6.26.06 | Bloc Party – Saturn Commercial
So Here We Are
I think this is the first time I’ve heard a Saturn commercial playing an indie rock band that I knew. The band in question is of course Bloc Party and the song of theirs that was used is “So Here We Are” off of Silent Alarm. The commercial that used it is for the new 2007 line of Saturn cars including the Sky Roadster, VUE Hybrid SUV and one of the sedans that I don’t remember.
I must have heard the song in this commercial about 50 million times already. I wasn’t as into the Bloc Party (often misspelled Block Party) album when we received a copy of it awhile back but it’s sort of grown on me. Standard post-Interpol drony Brit-rock, but the song that they used was perfect auto-commercial music. It’s a bit more dreamy and shoe-gazey than their other tracks.
6.16.06 | Blurbin’ Fridays – Jun 17
1. Louisiana – The Walkmen (Interpol-istic Clinic-al Bob Dylan)
2. Seasick on Shore Leave – The Payola Reserve (Dylan Spoon-ing with Costello)
3. Did I Step On Your Trumpet – Danielson (Devendra Banheart plus Dios Malos?)
4. Djien – The Robot Ate Me (Blonde Redhead playing Nintendo)
5. Scotland the Brave – Amps for Christ (Matmos playing bagpipes)
6.23.06 | Blurbin’ Fridays – Jun 23
6.30.06 | Blurbin’ Fridays – Jun 30
Here you go…
1. Hospital Verses – Adah (Delgados, Devics, David Gedge)
2. Our Friend In Baghdad – The Hypermodernity Club (Earlimart, East River Pipe, E from The Eels)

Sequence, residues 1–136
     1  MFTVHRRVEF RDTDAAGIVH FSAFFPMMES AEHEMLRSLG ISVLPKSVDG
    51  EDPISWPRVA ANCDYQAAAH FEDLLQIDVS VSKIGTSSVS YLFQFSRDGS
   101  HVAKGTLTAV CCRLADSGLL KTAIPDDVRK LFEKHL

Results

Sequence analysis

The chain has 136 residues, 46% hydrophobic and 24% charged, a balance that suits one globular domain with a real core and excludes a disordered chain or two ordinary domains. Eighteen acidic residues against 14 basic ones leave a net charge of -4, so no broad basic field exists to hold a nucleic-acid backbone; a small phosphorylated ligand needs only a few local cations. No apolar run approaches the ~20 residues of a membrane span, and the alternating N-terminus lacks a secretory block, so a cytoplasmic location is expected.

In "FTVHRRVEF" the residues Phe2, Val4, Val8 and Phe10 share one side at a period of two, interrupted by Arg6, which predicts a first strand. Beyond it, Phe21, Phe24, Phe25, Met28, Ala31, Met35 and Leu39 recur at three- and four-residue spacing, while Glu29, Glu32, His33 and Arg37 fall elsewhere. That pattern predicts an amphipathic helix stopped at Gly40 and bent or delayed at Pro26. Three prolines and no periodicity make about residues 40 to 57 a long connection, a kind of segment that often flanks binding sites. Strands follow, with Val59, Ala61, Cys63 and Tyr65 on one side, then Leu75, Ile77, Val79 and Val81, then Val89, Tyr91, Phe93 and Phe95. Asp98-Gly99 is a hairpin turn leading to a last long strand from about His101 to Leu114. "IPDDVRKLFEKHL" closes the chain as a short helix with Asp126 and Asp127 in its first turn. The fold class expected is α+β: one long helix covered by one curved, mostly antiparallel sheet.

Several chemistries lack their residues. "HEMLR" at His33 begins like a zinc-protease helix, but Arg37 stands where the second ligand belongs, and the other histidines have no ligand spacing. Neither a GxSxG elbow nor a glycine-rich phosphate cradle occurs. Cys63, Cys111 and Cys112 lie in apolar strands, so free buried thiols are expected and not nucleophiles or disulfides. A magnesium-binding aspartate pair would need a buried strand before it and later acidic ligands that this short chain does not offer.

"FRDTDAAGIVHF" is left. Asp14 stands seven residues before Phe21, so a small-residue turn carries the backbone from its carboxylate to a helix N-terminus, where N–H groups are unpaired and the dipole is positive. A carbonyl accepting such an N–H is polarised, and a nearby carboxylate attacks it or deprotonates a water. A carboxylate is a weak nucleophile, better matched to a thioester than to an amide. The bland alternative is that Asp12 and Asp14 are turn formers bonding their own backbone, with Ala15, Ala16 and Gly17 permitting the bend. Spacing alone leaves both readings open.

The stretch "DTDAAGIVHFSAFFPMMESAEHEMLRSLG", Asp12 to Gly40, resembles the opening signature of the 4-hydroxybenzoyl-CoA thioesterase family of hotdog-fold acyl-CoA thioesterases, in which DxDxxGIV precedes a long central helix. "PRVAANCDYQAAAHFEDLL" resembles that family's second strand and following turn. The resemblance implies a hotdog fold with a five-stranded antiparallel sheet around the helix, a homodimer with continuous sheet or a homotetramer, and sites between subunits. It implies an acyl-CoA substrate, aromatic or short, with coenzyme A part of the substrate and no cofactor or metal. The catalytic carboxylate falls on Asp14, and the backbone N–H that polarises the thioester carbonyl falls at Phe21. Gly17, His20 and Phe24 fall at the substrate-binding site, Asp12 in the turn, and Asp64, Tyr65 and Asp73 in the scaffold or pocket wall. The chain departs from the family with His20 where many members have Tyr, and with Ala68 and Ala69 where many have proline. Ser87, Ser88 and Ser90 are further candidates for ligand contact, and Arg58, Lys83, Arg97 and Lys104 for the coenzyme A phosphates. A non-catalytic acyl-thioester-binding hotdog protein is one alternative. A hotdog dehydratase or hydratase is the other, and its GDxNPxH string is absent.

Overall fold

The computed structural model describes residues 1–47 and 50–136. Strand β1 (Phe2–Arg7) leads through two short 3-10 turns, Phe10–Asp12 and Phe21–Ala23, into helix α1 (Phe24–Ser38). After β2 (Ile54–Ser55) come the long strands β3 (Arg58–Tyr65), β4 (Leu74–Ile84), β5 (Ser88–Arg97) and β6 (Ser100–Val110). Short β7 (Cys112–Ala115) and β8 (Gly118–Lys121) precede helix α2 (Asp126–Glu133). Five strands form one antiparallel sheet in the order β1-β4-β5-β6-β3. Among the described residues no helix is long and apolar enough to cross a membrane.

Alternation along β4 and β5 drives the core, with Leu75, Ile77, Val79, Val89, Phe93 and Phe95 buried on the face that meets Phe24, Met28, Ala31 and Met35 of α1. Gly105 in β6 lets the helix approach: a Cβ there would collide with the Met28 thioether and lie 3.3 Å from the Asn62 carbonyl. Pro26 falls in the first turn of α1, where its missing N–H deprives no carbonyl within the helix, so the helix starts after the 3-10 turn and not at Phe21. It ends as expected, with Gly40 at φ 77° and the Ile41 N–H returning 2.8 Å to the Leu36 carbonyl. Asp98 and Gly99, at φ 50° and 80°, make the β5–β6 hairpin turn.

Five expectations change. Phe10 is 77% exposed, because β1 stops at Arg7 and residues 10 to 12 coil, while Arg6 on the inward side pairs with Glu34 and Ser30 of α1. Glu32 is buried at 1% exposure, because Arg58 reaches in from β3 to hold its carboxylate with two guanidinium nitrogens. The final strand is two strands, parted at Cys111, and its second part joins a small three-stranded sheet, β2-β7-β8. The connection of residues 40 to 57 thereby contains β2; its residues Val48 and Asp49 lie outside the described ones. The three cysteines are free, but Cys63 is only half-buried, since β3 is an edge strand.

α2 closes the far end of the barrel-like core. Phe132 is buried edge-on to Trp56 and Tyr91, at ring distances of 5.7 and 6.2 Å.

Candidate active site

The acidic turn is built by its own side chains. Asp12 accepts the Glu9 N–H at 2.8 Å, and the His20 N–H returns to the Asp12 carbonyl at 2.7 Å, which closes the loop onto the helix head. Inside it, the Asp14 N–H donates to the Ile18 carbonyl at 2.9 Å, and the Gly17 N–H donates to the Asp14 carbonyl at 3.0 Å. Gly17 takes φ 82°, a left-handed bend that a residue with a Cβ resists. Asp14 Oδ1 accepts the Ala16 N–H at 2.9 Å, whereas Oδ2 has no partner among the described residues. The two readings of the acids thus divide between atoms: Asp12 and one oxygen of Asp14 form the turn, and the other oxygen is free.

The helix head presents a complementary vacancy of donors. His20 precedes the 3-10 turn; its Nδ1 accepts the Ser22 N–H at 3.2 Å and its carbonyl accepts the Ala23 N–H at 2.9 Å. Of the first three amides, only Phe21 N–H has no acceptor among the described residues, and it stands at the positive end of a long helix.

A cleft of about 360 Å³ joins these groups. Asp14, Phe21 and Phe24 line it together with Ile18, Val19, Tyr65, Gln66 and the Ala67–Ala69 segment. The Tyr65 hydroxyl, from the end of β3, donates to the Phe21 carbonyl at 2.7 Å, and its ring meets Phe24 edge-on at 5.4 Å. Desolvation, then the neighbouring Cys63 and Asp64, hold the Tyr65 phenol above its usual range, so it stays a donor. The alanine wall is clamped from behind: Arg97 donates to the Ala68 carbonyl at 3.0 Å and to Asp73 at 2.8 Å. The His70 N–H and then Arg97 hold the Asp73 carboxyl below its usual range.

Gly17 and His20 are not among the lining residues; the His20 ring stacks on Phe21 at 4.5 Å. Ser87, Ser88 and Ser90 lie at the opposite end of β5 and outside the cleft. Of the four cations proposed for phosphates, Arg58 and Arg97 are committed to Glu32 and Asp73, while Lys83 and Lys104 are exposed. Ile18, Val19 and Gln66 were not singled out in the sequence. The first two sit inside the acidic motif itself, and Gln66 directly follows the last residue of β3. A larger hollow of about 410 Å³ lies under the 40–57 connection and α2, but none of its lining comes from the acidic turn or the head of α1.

3. Dirty Woman – Bill Patton (Byrds, Bob Dylan)
4. Well Thought Out Twinkles – Silversun Pickups (Over and Over and Over)
5. Something Of An End – My Brightest Diamond (Joni, Tori, Shannon Wright)
6.9.06 | Blurbin’ Fridays – Jun 9
This Blurbin’ Friday features Rainy Day Indie Dreamytime music for all the June-gloomers out there. Have a great weekend…
1. Katy Song – Red House Painters (This entire list could be all RHP songs)
2. We’re Going To Nowhere – East River Pipe (Shiny shiny pimpmobile)
3. Temporary Loan – Edith Frost (Slow-glow country folk)
4. Bass Crawl – Idaho (Would have chosen Staring at the Sun but it wasn’t listed)
5. You Own Me – American Analog Set (This was supposed to be a Low song, but couldn’t get them in Itunes linkmaker)
6.2.06 | Blurbin’ Fridays – Jun 9
I got a little bored of just doing the usual links every week, so we’re trying something new for this one: all links from the SAME band. Band in question is Sonic Youth, who are releasing a new album very soon (review to come next week). Sub-topic of this Blurbin’ Friday is “Sonic For Dummies”.
I’ve wanted to make something this for awhile … not exactly a introductory best-of “primer” for those unfamiliar with Sonic Youth, but a list of their songs that people who don’t normally like this type of music (read: noisy art-punk) have a chance in hell of actually liking. In other words, slightly more toned down stuff. Not even their best stuff, but you know about “catching more flies with honey”…
Now, I’m not saying that if this is you, then you’re a “dummy”… it’s just that the title sounds more catchy: Sonic for Dummies. Yeah, I’m no authority on Sonic Youth either, so be kind:
5. Theresa’s Sound World – Dirty (At least the drony parts)
8. Candle – Daydream Nation (Just HAD to pick one song from this album)
6.19.06 | Burning Idols – The Feeding Bird
The Feeding Bird
This was a pretty interesting little EP called The Feeding Bird by the band Burning Idols that found its way into my inbox the other day. There is something strange and off-kiltre about the mixing of Patricia’s tinny and reverbed Slumber Party meets Madder Rose vocals in the opener “Siempre” with the more edgy, angular and punky musical accompaniment. And in the end I thought it worked quite well.
“Butterflies” has a more standard punky structure. But there’s those vocals again. This time, the guys contribute backup vocals. It’s really interesting… I don’t want to say that the singing lends an element of “twee” to the mix, but the interplay reminds me of Tullycraft, Butterglory, etc.